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Residents: Ribble Valley council left us to fight homes bid
RESIDENTS have accused a council of leaving them to fight a ‘David versus Goliath’ battle to stop a 345-home estate alone.
Back Commons Action Group in Clitheroe last week prevented the scheme at Waddow View going ahead.
This was despite Ribble Valley Council declining to defend its own refusal of planning permission for the development.
Its leader Stuart Hirst responded by accusing highways authority Lancashire County Council of giving ‘flawed advice’ .
A government inspector dismissed Waddow View plan after a consortium of landowners appealed Ribble Valley’s decision to refuse it last year. The borough council withdrew from fighting the appeal, leading to the formation of the Back Commons Action Group.
Its spokeswoman Liz Parkinson said: “We were delighted planning permission for the Waddow View development has been refused on appeal.
“The group was pleased when Ribble Valley council refused permission.
“Never in a million years did we envisage the council would not defend their decision. That is exactly what they did three weeks before the appeal hearings were due.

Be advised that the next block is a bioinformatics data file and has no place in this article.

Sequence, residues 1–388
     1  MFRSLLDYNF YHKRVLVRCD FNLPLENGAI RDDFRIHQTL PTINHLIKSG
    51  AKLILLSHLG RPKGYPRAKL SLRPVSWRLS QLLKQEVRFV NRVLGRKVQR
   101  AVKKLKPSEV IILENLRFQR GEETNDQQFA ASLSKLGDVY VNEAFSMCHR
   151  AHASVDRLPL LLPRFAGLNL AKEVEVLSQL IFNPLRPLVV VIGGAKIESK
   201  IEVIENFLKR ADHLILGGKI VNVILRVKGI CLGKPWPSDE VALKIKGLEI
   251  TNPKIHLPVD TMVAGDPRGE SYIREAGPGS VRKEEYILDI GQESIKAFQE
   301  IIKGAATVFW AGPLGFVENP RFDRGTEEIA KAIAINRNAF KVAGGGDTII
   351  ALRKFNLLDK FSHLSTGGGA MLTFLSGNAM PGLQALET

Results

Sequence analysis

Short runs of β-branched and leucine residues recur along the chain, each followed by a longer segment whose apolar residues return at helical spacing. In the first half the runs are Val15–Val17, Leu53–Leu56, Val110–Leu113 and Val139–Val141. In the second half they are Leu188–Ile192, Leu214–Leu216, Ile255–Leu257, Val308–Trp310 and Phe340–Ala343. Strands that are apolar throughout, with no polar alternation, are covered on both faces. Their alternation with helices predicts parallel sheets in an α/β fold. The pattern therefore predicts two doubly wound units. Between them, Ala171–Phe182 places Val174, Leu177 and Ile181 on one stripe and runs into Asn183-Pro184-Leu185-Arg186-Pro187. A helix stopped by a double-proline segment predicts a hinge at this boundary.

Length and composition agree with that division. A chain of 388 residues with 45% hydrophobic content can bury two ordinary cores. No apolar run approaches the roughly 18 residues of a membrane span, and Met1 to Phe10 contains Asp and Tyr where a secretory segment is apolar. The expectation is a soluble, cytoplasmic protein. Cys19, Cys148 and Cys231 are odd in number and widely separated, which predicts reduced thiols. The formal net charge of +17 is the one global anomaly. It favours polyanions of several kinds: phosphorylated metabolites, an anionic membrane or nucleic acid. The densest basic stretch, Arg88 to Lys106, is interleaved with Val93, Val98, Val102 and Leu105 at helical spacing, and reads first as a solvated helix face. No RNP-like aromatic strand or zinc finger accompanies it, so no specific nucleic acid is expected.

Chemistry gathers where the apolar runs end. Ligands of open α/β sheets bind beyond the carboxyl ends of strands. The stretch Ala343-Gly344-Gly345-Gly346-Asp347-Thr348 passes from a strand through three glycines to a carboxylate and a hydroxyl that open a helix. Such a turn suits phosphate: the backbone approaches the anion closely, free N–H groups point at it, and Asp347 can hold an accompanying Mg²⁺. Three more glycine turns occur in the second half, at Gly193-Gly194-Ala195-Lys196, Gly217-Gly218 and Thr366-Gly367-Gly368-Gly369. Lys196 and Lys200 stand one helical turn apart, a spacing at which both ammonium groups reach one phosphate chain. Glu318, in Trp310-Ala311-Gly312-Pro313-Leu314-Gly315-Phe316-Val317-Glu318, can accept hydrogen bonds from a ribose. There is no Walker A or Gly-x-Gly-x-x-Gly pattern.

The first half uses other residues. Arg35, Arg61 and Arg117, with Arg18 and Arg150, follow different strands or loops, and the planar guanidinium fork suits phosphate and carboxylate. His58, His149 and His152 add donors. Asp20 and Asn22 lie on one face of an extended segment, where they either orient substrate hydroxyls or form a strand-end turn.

“We decided to fight.This was a David versus Goliath situation. The borough and county councils let local residents down.”
Coun Hirst said: "The Planning Inspectorate dismissed the Waddow View appeal due to highways problems.
“This is a challenge to advice given by the Lancashire Highways Authority that such problems would be minimal.
“The fact it withdrew its objections at the last minute left our planning committee in the difficult position of being unable to include traffic congestion in its reasons.
“The refusal was on far less robust grounds and it is unsurprising subsequent legal advice suggested that defending the appeal might prove costly and unsuccessful.
“I’ve asked the chairman of planning Terry Hill to investigate how such a flawed piece of advice was given to this council by the Highways Authority.”
The applicants, including The Huntroyde Estate and Clitheroe Auction Mart Co Ltd, have six weeks to appeal to the High Court.
Lancashire County Council declined to comment.
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